"You get into the playoffs anyway you can. It doesn't matter," Rivera said. "What you do when you get into the playoffs, that's up to you. I've been part of a couple of teams now -- one was 7-8-1 and the other was 8-8 [the 2008 San Diego Chargers] -- both those teams got in because they won the division and both teams won in the first round. In both of those cases, I think just because you got hot at the right time. I think that's important if you play well at the right time."

Rivera said other playoff teams tend to overlook those with losing records and start worrying about their next opponent. That gives them a chance, which is exactly what happened in 2010 when the 7-9 Seattle Seahawks hosted the 11-5 New Orleans Saints. The Seahawks took a 34-20 lead, and even though Drew Brees and the offense clawed their way back to a four-point deficit, Marshawn Lynch ended those comeback hopes with his infamous 67-yard touchdown run.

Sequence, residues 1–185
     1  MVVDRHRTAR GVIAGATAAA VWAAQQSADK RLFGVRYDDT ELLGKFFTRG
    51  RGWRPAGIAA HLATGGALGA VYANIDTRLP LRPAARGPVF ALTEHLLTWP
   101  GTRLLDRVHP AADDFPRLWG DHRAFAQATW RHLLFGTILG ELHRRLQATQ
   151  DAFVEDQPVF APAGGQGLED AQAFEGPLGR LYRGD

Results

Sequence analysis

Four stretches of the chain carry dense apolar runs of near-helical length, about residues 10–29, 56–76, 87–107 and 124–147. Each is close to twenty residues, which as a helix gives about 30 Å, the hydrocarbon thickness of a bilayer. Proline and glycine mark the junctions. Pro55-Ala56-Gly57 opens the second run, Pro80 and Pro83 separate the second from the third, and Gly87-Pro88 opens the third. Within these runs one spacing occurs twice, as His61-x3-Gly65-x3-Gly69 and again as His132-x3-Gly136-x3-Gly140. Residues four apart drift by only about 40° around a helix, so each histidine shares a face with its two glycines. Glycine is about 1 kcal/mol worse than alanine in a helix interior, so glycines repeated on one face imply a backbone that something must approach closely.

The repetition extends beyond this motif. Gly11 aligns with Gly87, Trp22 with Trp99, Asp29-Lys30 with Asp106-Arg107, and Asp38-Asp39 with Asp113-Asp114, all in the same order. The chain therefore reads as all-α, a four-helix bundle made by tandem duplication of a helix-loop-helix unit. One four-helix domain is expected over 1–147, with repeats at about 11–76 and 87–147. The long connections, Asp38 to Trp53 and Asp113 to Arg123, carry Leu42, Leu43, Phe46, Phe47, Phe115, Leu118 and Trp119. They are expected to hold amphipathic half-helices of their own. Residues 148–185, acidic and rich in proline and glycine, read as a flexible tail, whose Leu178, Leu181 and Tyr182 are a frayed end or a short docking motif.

Rivera said that will not happen with Buccaneers head coach Bruce Arians, who was with the Cardinals when the 2014 Panthers upset them. He knows Arians will make it a point of discussion for his current team not to consider Washington as an easy win.

"Bruce doesn't miss a lot of things," he said. "This will most certainly be something that will be on his radar and he'll put on his team's radar."

If Washington hopes to advance past the Wild Card round, it will need to match Brady's seventh-ranked offense with its defense, which allows a second-best 304.6 yards per game. Aside from Washington's secondary, which only allows 191.8 yards through the air, Brady will also have to face Chase Young and his fellow pass-rushers. Washington's defensive line has combined for 34.0 sacks, which is more than 14 teams had from their entire defense.

Games like these, Rivera said, are why teams invest so heavily in pass-rushers.

"Getting here and having a chance to see what San Francisco had done the last couple years and then looking at this roster...and the potential of that youth and knowing that, if we developed the youth properly, we'd develop something good. I think we're starting to get that. I mean, we're still developing. They're still learning. They're still growing. But their potential is most certainly on display."